Sporting rather than sporty, the Hyundai Accent SR gets direct injected with more power and local suspension tweaks...
One step above a regular hatchback but a couple below hot-hatches, the Hyundai Accent SR aims to blend sporty styling cues and locally tuned sportier suspension with a tempting price tag.
Available for $18,990 with the six-speed manual tested here, or $20,990 for an optional six-speed automatic, the newly released Accent SR undercuts the also-new Holden Barina RS and forthcoming Ford Fiesta Sport by $2000 and $1500 respectively.
It misses both those sporty rivals’ small turbocharged engines, instead offering a non-turbo 1.6-litre four-cylinder.
Although it is the same size engine used in the regular Accent Active and Elite models, in the SR application it adds direct injection, raising power by 13kW to 103kW at 6300rpm, and torque by 11Nm to 167Nm at 4850rpm.
The engine and outputs of the Hyundai Accent SR are identical to that found in the Kia Rio Si that has been available since 2011, though its rival isn’t marketed as a sporty model.
The Accent SR’s power and torque also lines up closely with its more expensive rivals, the 103kW/200Nm Barina RS and 92kW/170Nm Fiesta Sport.
Standard equipment in the Accent SR includes 16-inch alloy wheels, front fog lights, USB input and Bluetooth phone and audio connectivity, cruise control, trip computer and keyless entry.
Those features all match the identically priced Rio Si, but the Accent SR also adds a five-inch touchscreen display and automatic headlights and wipers over its Kia rival.
The Hyundai does, however, miss the rear parking sensors and integrated app connectivity of the Holden – including being able to stream via mobile phone internet and use apps such as Pandora – although the Ford and Kia get neither of these features standard.
It’s worth mentioning, too, that while the Hyundai Accent SR gets the peace of mind of six airbags, anti-lock brakes and electronic stability control, and easy-to-use connectivity functions featured in almost every other key rival, it uniquely adds the ability to record from your phone’s music to the car’s small hard drive on the run.
The interior is otherwise a simple and clean affair, but the hard dimpled plastics and addition of bright silver inserts make the Hyundai look and feel cheaper than its immediate rivals.
Among the larger hatchbacks in the class, the Accent SR offers generous rear-seat headroom and legroom, Isofix child seat anchor points, and a 370-litre boot that eclipses many larger cars. That a full-size spare wheel resides below the floor is all the more impressive. A detachable net to secure luggage is also standard, and a 60:40 split fold rear backrest enables even more storage space, confirming the Accent SR as a light hatchback option for those who value interior space more than interior style.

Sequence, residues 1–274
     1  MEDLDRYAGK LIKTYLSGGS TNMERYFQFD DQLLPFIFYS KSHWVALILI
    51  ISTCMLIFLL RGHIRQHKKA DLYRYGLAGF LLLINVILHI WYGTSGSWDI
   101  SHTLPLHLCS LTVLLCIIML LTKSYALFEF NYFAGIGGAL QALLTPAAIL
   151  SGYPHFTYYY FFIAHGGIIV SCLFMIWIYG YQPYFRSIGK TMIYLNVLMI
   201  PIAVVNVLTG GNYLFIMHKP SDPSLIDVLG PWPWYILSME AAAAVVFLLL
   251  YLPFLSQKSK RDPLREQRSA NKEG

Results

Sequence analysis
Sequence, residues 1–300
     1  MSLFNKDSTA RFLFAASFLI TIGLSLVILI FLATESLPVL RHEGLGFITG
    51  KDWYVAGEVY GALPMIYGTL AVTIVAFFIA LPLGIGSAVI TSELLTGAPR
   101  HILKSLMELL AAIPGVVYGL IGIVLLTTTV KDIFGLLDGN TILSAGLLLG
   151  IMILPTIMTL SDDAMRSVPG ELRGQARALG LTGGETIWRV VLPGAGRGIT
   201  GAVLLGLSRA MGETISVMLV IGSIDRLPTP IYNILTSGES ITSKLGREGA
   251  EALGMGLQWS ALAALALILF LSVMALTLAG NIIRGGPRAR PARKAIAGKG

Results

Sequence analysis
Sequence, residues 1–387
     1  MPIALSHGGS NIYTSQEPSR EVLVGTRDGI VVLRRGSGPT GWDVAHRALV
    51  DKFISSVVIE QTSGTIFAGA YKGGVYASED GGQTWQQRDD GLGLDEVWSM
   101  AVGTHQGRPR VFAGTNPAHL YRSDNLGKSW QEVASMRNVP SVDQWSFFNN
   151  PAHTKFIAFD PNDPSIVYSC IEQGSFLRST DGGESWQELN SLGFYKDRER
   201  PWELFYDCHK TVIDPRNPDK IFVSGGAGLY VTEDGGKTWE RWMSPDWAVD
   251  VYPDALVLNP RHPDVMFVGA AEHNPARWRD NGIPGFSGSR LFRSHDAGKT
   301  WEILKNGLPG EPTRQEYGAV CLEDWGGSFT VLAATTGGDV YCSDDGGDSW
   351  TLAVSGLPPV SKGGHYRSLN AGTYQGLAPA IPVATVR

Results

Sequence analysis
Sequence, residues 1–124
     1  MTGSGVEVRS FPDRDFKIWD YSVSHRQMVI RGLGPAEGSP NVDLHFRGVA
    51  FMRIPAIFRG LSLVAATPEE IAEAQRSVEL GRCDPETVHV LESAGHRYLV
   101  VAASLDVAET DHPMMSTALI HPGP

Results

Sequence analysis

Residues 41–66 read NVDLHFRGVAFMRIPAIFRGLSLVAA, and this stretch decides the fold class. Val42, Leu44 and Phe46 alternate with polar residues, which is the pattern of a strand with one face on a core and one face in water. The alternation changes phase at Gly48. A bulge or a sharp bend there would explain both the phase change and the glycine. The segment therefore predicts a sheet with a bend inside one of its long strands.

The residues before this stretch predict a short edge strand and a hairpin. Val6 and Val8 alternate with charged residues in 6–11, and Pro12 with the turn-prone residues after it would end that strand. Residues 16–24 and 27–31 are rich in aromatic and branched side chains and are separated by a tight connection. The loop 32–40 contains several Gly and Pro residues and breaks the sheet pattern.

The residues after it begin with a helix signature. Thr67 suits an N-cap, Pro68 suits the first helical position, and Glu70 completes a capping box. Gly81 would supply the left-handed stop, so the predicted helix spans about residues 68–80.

The Hyundai is also a light hatchback for those who value after-sales care. The five-year, unlimited kilometere warranty is matched only by the Kia, eclipsing the three year/100,000km cover of the Holden and Ford. There’s cheap servicing, too, thanks to the first three check ups all capped at just $189 to three years or 45,000km.
The Accent SR isn’t, however, a car for those who genuinely enjoy driving, and it too misses the mark somewhat for those commuters who just want to ride comfortably around town.
Hyundai Australia engineers have retuned the standard Accent’s suspension to create what it calls a ‘sports suspension’ set up.
The aims to enhance turn-in to a corner and improve how the car responds to big bumps – or body control – are well founded. The steering is neither sharp or tactile, but it is decently progressive and consistent. The Accent SR tips keenly in corners, thanks to the surprisingly grippy Kumho Solus tyres, and it is reasonably adjustable and can be entertaining.
The stability control is aggressive, and it can be switched off, but in a sporty light hatchback it probably shouldn’t need to be to have some fun on a twisty road.
While the Accent SR feels solid on a typical backroad, and is never thrown off line by big irregularities, it can also feel a touch too abrupt in its rebound control. It’s a trait that is also felt on poorly maintained urban arterials, to the extent that the flat front seats started to become more noticeable than they otherwise would be.
Around town ride quality is absorbent at low speeds and composed over big speed humps, but fidgety and overly firm at speed. The Accent SR doesn’t come close to matching the spirit, comfort and dynamics of a Fiesta, and even the non-sporty Rio delivers a marginally more convincing ride and handling balance.
The Hyundai weighs 1065kg, or 102kg less than its Kia rival that uses the same engine, but the Accent SR feels no quicker. The engine is tractable from low engine revs but offers no meaningful punch until the tacho is in its top half, and the 1.6-litre is loud and grainy in this application. Rowing the six-speed manual is no great chore, though, as the gate is decently slick.
Off the line at traffic lights, for example, touchy throttle response makes the Accent SR feel perky, the emphasis here being on peaky power rather than smoothing torque and fine refinement.
Those searching for finessed sporting abilites, cruising comfort or high levels of interior class and refinement should look to the class-benchmark Fiesta, or even the Renault Clio or Volkswagen Polo.
Buyers looking for simple virtues such as sporty looks, strong straight line performance, a roomy cabin, and strong after-sales package will, however, find plenty to like about the Hyundai Accent SR.